Second, remember, that to know Jesus Christ and to trust Jesus Christ is the secret of life. Consider him. The problem with me and the problem, I believe, with some of you is, how does Mr. Clinton put it to make emphasis, does that destroy the effect with some of you? I can see it does. [Laughter] To know that the Lord Jesus is the secret of life and to trust him, to consider him, is marvelous because the problem with so many of us is that we have considered ourselves entirely too much. When we think of spiritual things, we think of ourselves, our author warns us that for true happiness is to consider him. Our weakness is when we look at ourselves because we know we are weak. But our Lord is strong. He’s my strength, he’s my fortress, he’s my shield. All of these other things are what he is. And so consider Him. That’s my strength. That’s my cure. That’s my solution. Those are the things that give me deliverance to look to Him.

And then consider him in a special way, consider him as faithful. This is precisely where we so often fail. We consider him, we reflect upon him, we even read the Bible. But, I think, often, we fail to consider him in the sense in which he is said here, or set forth here, is to consider him as faithful. Faithful! That is, keeping his word, fulfilling the promises. They will be fulfilled. Consider him as faithful.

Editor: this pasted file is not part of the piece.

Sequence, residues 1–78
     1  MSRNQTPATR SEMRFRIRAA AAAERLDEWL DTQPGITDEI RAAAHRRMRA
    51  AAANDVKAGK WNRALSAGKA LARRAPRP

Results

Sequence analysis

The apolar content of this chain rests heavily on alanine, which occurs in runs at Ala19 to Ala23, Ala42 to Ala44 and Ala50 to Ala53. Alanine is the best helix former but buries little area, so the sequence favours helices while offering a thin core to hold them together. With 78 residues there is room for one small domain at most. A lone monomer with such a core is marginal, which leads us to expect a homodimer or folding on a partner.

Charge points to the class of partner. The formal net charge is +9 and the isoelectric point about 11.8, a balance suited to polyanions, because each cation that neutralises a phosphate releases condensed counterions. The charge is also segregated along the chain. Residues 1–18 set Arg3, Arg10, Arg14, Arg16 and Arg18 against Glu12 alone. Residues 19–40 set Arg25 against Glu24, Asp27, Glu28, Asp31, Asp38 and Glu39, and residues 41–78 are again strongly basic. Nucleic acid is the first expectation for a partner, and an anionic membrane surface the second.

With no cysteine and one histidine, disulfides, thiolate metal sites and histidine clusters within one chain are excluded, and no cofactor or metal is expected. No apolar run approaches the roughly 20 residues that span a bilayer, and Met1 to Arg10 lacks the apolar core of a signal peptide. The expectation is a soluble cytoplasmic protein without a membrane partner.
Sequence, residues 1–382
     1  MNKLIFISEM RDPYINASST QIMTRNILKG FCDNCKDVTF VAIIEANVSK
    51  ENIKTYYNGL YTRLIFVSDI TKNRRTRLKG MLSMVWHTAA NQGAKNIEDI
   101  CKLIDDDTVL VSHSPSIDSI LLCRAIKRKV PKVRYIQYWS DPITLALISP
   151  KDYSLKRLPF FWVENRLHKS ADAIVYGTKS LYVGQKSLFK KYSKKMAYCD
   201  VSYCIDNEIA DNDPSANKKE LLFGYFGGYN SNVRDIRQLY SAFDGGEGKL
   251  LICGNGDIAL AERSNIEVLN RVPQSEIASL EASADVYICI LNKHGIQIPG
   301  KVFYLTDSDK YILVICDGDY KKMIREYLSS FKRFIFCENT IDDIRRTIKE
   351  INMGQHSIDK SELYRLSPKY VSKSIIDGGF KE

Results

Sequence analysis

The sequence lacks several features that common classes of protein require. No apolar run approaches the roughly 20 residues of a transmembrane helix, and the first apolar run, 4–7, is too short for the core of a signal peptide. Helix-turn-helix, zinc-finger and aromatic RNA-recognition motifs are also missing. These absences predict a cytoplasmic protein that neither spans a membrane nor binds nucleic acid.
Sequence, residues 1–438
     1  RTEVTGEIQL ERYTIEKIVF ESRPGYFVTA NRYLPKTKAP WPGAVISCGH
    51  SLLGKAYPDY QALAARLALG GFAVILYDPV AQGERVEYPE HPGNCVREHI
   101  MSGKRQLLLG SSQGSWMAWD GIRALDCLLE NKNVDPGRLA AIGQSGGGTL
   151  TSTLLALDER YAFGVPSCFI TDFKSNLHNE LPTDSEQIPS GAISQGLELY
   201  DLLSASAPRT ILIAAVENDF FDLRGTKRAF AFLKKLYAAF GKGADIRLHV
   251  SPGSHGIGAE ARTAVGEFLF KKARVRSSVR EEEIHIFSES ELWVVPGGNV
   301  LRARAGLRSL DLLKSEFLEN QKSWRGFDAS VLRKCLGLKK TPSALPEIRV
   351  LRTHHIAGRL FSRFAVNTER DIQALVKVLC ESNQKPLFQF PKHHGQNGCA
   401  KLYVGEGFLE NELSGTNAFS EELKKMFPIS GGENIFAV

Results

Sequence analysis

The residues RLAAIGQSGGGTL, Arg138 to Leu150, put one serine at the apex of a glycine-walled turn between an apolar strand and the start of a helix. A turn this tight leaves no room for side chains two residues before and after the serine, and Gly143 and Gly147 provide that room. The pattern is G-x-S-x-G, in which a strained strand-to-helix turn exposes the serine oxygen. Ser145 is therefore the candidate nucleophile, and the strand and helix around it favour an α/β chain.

Most of you in this audience, I feel I know you well enough to know that you have understood that pardon and acceptance comes by faith alone, you’ve looked off to the cross. You’ve seen that the Lord Jesus Christ has died for sinners. And there was that special time in your life, if it was not when you were a child, it’s been so long ago, that you don’t remember it. But you know it was true, when you did turn from yourself and trust in your works, whatever it specifically was at the time, whether in your church or your good works or your baptism but you turned away from it. You saw Christ as the Savior for sinners and at that very special, I call it, really, a holy moment, because that’s what it is, you came to Christ. By his grace, you know now. You came by his grace. You thought at one time, perhaps, you came. Well, you did come, but you came because he brought you. You know now. But, I think, that many of us have failed to understand that we do stand, we walk, we live, by trust, every minute, every hour of the day. That’s the beginning of our confidence that he’s talking about.